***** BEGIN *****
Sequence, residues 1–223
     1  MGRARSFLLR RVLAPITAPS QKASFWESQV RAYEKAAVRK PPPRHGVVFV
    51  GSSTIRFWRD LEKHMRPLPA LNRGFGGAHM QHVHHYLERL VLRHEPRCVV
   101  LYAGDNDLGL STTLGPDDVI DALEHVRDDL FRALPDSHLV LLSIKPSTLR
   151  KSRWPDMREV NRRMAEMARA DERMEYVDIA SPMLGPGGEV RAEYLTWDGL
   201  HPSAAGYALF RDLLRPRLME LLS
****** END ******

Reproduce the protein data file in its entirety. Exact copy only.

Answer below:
Sequence, residues 1–223
     1  MGRARSFLLR RVLAPITAPS QKASFWESQV RAYEKAAVRK PPPRHGVVFV
    51  GSSTIRFWRD LEKHMRPLPA LNRGFGGAHM QHVHHYLERL VLRHEPRCVV
   101  LYAGDNDLGL STTLGPDDVI DALEHVRDDL FRALPDSHLV LLSIKPSTLR
   151  KSRWPDMREV NRRMAEMARA DERMEYVDIA SPMLGPGGEV RAEYLTWDGL
   201  HPSAAGYALF RDLLRPRLME LLS